August 27, 2014 | Posted in LGBT THEMES, ROMANCE | By



My rating: **** (4 out of 5 stars)

What if a pill could change a person’s sexuality?

That’s the question at the heart of Queen Henry, the delightful debut novel by author Linda Fausnet. It’s also the question plaguing the novel’s protagonist, Baltimore Orioles star player Henry Vaughn, Jr. Henry is a good natured guy, a fan-favorite known for his flamboyant on the field persona. He’s also a bit of a ladies man, not someone who ever thinks about homosexuality except to react in dismay and disgust when rumors start circulating that one of his team members might be gay.

Henry does have a secret he is keeping, however: he suffers from asthma and is afraid of having an attack on the field that could make him appear vulnerable and weak. So he agrees to take part in a clinical trial for a pill that promises to keep his asthma symptoms at bay for a month at a time. Sounds great—until Henry discovers the pill seems to have caused a very unexpected side effect. He suddenly feels no attraction for women at all and is noticing how hot some of the other men on his team really are…

Henry is horrified by his sudden change in sexuality and needs answers. Only he’s not likely to get many of them, or any support whatsoever for his “woke up gay” claim, from the research assistant in charge of the drug trial, Sam. Henry already insulted Sam terribly in their first meeting with his unease over Sam’s open homosexuality. Indeed, Sam thinks it’s all in Henry’s head, and that he must have simply been denying his true sexuality all these years—he’s just using the drug as an excuse.

To try to get rid of Henry, Sam introduces him to Thomas, a friend who is known for helping others coming to terms with their sexuality and stepping out of the closet. Sam doesn’t expect Henry to start falling for Thomas, nor for Thomas to develop strong feelings for Henry in return.

Queen Henry maintains a lighthearted tone throughout the book, even as I could easily see the premise of a sexuality-changing drug as the basis of a much darker, more serious dystopian work (in fact I’m sure such has already been written, I just can’t think of a title off the top of my head.) But Henry’s struggles with understanding his feelings are made very real and sympathetic. At first he’s scared and terrified, sure it has to be the pill to blame. But as he spends time with Thomas, Sam and their other friends in the gay community, he begins to question his own past and feelings: could the pill have just allowed him to see past his own anxieties to discover repressed feelings? He does seem to have certain preferences and tastes that are stereotypically gay, such as a love for musical theater and “girly drinks” like Peach Schnapps. And if his feelings now are real, how can he cope with being gay in the incredibly homophobic world of Major League baseball?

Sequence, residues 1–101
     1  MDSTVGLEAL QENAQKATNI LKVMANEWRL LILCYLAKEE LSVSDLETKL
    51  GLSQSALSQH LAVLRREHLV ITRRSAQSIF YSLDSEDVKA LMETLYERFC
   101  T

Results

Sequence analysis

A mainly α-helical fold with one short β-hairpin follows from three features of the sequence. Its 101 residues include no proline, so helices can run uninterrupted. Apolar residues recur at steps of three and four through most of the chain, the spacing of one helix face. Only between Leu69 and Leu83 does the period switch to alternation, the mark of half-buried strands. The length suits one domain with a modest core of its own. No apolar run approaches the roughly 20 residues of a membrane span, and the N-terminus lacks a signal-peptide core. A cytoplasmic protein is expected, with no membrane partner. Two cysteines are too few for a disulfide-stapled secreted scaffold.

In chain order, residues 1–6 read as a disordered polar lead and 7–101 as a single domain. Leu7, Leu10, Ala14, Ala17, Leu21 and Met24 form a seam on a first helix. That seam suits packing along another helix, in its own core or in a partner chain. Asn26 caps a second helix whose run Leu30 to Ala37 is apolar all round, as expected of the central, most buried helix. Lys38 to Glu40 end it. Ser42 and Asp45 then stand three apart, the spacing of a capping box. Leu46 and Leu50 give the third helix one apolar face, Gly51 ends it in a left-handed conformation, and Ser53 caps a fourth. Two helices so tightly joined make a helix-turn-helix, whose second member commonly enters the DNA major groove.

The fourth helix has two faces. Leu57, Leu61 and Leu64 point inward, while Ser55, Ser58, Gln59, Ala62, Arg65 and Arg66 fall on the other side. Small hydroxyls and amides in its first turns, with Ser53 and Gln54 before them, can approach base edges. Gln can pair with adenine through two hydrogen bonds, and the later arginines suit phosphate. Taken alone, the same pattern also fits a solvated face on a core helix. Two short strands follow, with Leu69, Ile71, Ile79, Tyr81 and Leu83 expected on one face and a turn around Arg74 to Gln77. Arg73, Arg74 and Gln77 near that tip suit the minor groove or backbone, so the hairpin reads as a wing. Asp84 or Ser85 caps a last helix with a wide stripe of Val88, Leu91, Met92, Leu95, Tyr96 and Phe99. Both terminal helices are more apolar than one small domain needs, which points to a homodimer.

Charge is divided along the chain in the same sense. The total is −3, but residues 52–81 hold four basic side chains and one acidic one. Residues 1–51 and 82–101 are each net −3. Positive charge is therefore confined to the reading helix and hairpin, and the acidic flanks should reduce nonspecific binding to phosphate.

In many ways Queen Henry doesn’t read—nor does it end—like the typical gay romance novels out there today. I think that’s why I found it overall such a pleasant surprise. The relationship between Henry and Thomas is in turns sweet and very sexy. Their romance is well-developed in a believable fashion (for a fantastical novel), and while there are some steamy passages they are tastefully written, erotic without falling into romance novel cliches or being crude. The supporting characters add a richness to the novel as well, from Henry’s various team members to Alice the bartender, Henry’s confidant in his troubles and his one steady girl friend (not girlfriend).

At times I did feel like the characterizations got a little off the mark, a little slash-fiction overly romanticized and feminized.  But overall the writing is engaging with a good sense for scenes and surroundings, just enough to set the stage without getting overly bogged down in tedious detail. In fact I could rather see Queen Henry turned into a romantic-comedy film or tv series, parts of it were so delightful and painted such clear cinematic pictures in my head while I was reading. (In fact, now that I check the author’s website, apparently Fausnet has written numerous screenplays in various genres before and Queen Henry started as a screenplay… That certainly explains a lot!)

Some will likely love the ending—and the resolution to the question of Henry’s sexuality. Others will no doubt be disappointed. I won’t give it away because you should read the book for yourself to decide. I will say it definitely gave me a lot to think about in the way it raised issues of what love really means, whether sexuality is determined by birth or by choice, confronting our own prejudices and what it truly means to be an ally.

It’s also worth mentioning that all proceeds net of taxes from the sales of Queen Henry will go to the Harvey Milk Foundation. So if you needed any other reasons to give this book a try, know that it will help support a great cause.

I look forward to reading more of Fausnet’s work in the future and hope that they’re as much of a “home run” as Queen Henry.

 

sockii

sockii is just your typical Jane-of-All-Trades who never has enough time in her day for all of her projects. She has written for many websites online including Squidoo, Zujava, Yahoo! Contributors Network, HubPages and Wizzley. She has been attending and vending at science fiction and media conventions for over 15 years, and for several years ran an art gallery and jewelry store in Philadelphia. Today she is happy to be living in South Jersey with her partner David and their 6 cats. Sockii is a member of several affiliate sales programs including Amazon Associates and Viglink. Products from these services may be advertised on her posts and pages to generate sales commissions.

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